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Tuesday, 19 April 2011

Things With Wings In Africa #2: Kongamato

Most Cryptozoologists got off on the wrong foot with Kongamato: Kongamato was originally a water-monster that arose from the water and overturned canoes. It would never be a Pterosaur or even a bat: neither of those possibilities would have sufficient mass to affect a canoe. But a large stingray might be able to upset a small canoe and would be a "Thing with Wings" of the adequate size ("Wingspan of four to seven feet" in the original notices)

It is probably significant that not a single representation of the Kongamato shows its reported long and whiplike tail, as a stingray does have.

Roy Mackal notes in Searching For Hidden Animals (1980), p.59: "It is very curious that the natives should ascribe to Kongamato the ability to overturn canoes[which is in fact the central feature of the original information-DD] The natives definitely ascribed amphibiousness [and even primarily aquatic habitat-DD] to the Kongamato according to Melland, which struck him as mythical."

So what has that got to do with Surviving Pterosaurs?
Nothing at all. Why on earth SHOULD it have anything to do with surviving Pterosaurs?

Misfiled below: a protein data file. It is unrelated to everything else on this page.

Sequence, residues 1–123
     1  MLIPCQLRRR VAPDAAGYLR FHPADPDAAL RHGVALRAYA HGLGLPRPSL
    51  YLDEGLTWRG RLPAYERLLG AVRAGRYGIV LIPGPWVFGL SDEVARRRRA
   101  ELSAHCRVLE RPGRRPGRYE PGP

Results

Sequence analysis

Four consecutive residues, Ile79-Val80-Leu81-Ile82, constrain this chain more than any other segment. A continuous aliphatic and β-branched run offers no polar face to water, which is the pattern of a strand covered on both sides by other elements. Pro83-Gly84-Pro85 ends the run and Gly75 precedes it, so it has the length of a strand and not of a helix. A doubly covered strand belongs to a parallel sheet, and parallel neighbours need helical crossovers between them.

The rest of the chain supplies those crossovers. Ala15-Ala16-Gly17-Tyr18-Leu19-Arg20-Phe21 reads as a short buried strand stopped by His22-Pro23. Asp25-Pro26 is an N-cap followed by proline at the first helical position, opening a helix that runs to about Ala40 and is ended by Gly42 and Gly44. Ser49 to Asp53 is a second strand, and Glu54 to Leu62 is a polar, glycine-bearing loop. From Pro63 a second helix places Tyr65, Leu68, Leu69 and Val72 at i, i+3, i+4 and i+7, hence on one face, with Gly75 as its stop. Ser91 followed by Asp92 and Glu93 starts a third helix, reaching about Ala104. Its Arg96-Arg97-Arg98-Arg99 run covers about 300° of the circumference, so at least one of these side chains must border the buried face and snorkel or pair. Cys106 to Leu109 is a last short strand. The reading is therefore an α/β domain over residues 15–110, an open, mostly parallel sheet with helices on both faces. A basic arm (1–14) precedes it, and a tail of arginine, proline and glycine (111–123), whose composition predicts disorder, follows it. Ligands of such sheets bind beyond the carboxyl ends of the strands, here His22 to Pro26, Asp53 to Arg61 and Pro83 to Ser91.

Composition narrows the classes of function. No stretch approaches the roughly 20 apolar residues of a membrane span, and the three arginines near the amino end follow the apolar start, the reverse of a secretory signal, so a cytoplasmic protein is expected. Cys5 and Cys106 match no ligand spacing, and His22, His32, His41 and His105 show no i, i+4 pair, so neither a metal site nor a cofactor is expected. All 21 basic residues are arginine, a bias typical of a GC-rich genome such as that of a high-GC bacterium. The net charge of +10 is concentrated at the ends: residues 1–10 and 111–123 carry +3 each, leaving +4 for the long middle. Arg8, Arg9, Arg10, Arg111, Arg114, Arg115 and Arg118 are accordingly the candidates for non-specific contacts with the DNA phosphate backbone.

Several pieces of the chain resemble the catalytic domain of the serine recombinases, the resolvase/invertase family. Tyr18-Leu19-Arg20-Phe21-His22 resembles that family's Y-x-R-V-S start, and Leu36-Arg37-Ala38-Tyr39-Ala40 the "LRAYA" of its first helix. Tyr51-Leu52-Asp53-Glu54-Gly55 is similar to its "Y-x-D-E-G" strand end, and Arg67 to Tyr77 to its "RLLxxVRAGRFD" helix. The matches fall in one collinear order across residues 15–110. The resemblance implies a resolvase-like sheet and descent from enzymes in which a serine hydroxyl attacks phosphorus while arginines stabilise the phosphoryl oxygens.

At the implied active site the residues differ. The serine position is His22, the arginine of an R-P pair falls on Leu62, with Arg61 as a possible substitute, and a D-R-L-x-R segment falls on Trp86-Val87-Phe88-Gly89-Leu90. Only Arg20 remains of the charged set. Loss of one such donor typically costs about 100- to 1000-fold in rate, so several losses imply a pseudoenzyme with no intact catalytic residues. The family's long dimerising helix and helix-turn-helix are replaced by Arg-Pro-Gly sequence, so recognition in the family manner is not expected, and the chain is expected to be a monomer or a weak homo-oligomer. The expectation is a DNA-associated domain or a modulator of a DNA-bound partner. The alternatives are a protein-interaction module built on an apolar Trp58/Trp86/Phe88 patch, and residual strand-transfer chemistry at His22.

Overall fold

Here is the general dossier on the Kongamato, the bulk of the information coming from Heuvalmans' On the Track of Unknown Animals:
Deep in the bush of east central Africa, lives a beaked, flying creature called the Kongamato. This fascinating animal first received widespread attention when explorer Frank Welland described it in his 1932 book In Witchbound Africa. The Kongamato ("overwhelmer of boats"), is described as a large, reddish creature with leathery wings, devoid of feathers. Eyewitnesses who are shown an illustration of the pterodactyl unanimously agreed to this identification of the Kongamato. "The evidence for the pterodactyl is that the natives can describe it so accurately, unprompted, and that they all agree about it. There is negative support also in the fact that they said they could not identify any other of the prehistoric monsters which I showed them...The natives do not consider it to be an unnatural thing like a mulombe [demon] only a very awful thing, like a man-eating lion or a rogue elephant, but infinitely worse... I have mentioned the Jiundu swamp [northwestern Zambia] as one of the reputed haunts of the kongamato, and I must say that the place itself is the very kind of place in which such a reptile might exist, if it is possible anywhere." (Welland, 1932, pp. 238, 240.)